It’s not unfair to say that modern man has an obsession with machines. This fixation is many times both celebrated as the “progress” of humanity forward and sometimes lampooned as the “instagram generation.” There are plenty of individuals who praise the connectivity of social media while there are those who decry how dehumanizing and reductive it can be. Indeed, it is this new, intimate connection between “society” and “technology” that has given rise to these emergent properties as “social media” and “technocracy” just to name a few.
On the surface, one can notice that there is a kind of hesitation and wariness on the part of some people vis-à-vis these developments. The allure of technological ease has, as its spectre constantly in the background, the fear that we have entered some kind of Faustian exchange. That, perhaps, unbeknownst to most users, something of greater value was given away for this massive boost in social power. But is this true? And even if it is; is some kind of Luddite foolishness the solution?
I mentioned in my previous post that the gun is a weapon of “cunning” in the same vein as that of the cunning of the serpent. It is not a coincidence that the mass-produced gun, which is a product of man’s technological advancement, shares the same parentage with social media and computers which are also siblings in the family of “progress.” If this is true, should we not be able to see the ancestral, “spiritual” DNA of the serpent—his “cunning”—in these new forms of technology as well?
Again, as I pointed out in my previous post, the root of the “cunning” of the serpent is that he promised not that those who ate of the forbidden fruit would be gods, but that they would be like gods. In essence, that they would not be transubstantiated into the divine, but that they would be imitations of the divine. As a wise man once put it, “to be cunning is to mime wisdom, after having eliminated the essential—its light—and then to make use of it for one’s own ends.”i Is this not happening on a societal level vis-à-vis “social media”? The examples of this are legion, but let us focus on one in particular.
“Conversation” has often been identified by even modern people as a “lost art” in the burgeoning world of the “digital age.”ii But what is this “art of conversation”? In my own experience, it seems as if most modern people, when thinking of conversation, refer only to the kind of entertainment that they receive from various “points of interest” with other individuals. People talk about their “favourite” things whether it’s the latest episode of Game of Thrones or which politician of the day is “cucked.”iii In essence, the predominant modality of modern conversation is superficiality—shallowness. There is no real “depth.” People are speaking, but they are not having “conversations.” When people speak about the “art of conversation”, it’s as if they mistake the entertainment of The Avengers for the art of Kanon D-dur.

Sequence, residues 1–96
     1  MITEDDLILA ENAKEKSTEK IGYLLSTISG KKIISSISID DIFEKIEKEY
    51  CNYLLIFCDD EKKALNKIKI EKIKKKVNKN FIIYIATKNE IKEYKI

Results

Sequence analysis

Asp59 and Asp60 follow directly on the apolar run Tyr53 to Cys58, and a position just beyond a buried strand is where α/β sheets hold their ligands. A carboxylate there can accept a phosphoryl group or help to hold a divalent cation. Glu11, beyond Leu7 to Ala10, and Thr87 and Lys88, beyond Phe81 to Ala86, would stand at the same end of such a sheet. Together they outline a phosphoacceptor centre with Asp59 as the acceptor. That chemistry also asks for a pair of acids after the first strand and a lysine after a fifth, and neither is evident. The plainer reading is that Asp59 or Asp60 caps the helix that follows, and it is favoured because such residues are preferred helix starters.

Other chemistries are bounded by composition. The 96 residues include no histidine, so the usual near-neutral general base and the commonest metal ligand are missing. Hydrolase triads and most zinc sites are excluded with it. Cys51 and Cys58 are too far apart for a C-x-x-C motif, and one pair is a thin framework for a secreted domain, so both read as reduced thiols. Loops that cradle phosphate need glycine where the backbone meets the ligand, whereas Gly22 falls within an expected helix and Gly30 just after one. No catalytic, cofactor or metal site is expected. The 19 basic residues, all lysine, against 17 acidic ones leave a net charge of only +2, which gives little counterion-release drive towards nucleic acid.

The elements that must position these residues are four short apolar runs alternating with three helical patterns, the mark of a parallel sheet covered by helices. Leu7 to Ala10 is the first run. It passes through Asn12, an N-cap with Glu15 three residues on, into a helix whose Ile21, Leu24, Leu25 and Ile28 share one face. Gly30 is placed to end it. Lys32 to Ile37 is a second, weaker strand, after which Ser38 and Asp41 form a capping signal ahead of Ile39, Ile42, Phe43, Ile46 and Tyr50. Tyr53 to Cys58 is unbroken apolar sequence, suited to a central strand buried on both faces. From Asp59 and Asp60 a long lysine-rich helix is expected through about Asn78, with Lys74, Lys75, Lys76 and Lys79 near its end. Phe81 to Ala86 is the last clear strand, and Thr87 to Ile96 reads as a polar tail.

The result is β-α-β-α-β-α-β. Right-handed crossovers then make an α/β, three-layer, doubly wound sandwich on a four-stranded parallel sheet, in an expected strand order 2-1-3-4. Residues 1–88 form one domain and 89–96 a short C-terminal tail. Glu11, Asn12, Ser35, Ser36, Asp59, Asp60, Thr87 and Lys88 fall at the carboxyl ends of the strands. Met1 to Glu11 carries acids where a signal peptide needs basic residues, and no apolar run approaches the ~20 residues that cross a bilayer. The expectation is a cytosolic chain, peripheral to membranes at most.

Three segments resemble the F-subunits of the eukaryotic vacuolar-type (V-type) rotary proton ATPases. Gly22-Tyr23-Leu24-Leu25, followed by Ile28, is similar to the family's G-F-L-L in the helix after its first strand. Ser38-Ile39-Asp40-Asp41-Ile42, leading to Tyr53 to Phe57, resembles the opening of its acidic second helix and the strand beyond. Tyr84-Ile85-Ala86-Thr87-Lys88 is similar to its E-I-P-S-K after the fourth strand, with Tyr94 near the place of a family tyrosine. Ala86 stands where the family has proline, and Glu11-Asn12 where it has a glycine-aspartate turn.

This is most obvious in the world of social media which is involved in various “causes” and “ideals.” It is a world where people can be “seen” to be idealistic (how many French-filtered Facebook profile pictures are we going to see in light of Nice now?) without ever having to undergo an interior change or achieving external action. Social media is definitely a facet of the “world of the serpent”iv where sheer mass and digital sentimentality is treated, unsurprisingly, like the fiat currency of the modern world. “It has meaning because we all believe it does.”v Again, this is the “cunning” of the serpent which deals in artificiality.
Furthermore, most of the time, neither individual in a dialogue is changed from conversations aided by technology. One can see how entrenched most individuals on forums or imageboards are in their own world views.vi Nothing new ever comes from their conversations with others. The conversations are barren and sterile. There are even times when I have had talks with individuals who merely leave ten minutes later thinking that they have achieved a “conversation.”
There is a real connection between superficiality and sterility. The arcanum of the sexual act, for example, demonstrates this reality by homology. In order to achieve conception, “depth” in physical terms, must be accomplished through the marriage of man and wife. It is only then that a new life takes hold and the human organism perpetuates. However, in the mode of modern conversation, there is a refusal to achieve any kind of spiritual or emotional depth.
Conversation, in the modern context, is only meant to satisfy what we already know—our own essence. We ejaculate our own incomplete (read: haploid) essence without achieving any depth and we do so with the aid of other individuals who merely stroke our egos. This sterility, mutual pleasuring, and lack of any new change in the person—or elevation of their consciousness—is the hallmark of modern conversations as masturbatory. It is no wonder, then, that the usage of the internet for pornography as an enabling factor for this habit is also the preferred mode by which the conversational orgy is perpetuated on social media. It is also no wonder that the modern world, which so woefully misunderstands and misuses the art of the sexual act, treats conversation with such selfish objectivisation.
This promiscuity of modern technological “connection” is also indicative of the other current of modernity which was inherited from the “world of the serpent”: the confusing of quantity for quality. The worth of endeavors and individuals is often tied with how many views a YouTube video gets, how many friends one has, how many votes one receives in an election, how much money one is paid, how many points someone scores in a football match etc. Similarly, in conversations, it is often a litany of how many “celebrities” one has encountered, or how many “interesting” people one knows. The number and weight is given priority and it is this world of quantity that the techno-economic machine is obsessed with. It is this “paradise” of bourgeois life that is so often sought after through the use of the “technological miracle.” Thus, social media—the online society—is like a real society, but it can never be one. The modern technologically miraculous bourgeois society achieves something like peace and justice, but it has neither in reality.